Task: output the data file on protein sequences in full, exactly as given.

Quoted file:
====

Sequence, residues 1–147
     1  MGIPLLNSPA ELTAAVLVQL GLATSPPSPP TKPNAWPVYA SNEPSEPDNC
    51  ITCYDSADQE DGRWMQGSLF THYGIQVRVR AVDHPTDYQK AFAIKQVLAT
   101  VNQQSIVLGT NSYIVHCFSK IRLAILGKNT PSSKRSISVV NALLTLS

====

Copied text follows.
Sequence, residues 1–147
     1  MGIPLLNSPA ELTAAVLVQL GLATSPPSPP TKPNAWPVYA SNEPSEPDNC
    51  ITCYDSADQE DGRWMQGSLF THYGIQVRVR AVDHPTDYQK AFAIKQVLAT
   101  VNQQSIVLGT NSYIVHCFSK IRLAILGKNT PSSKRSISVV NALLTLS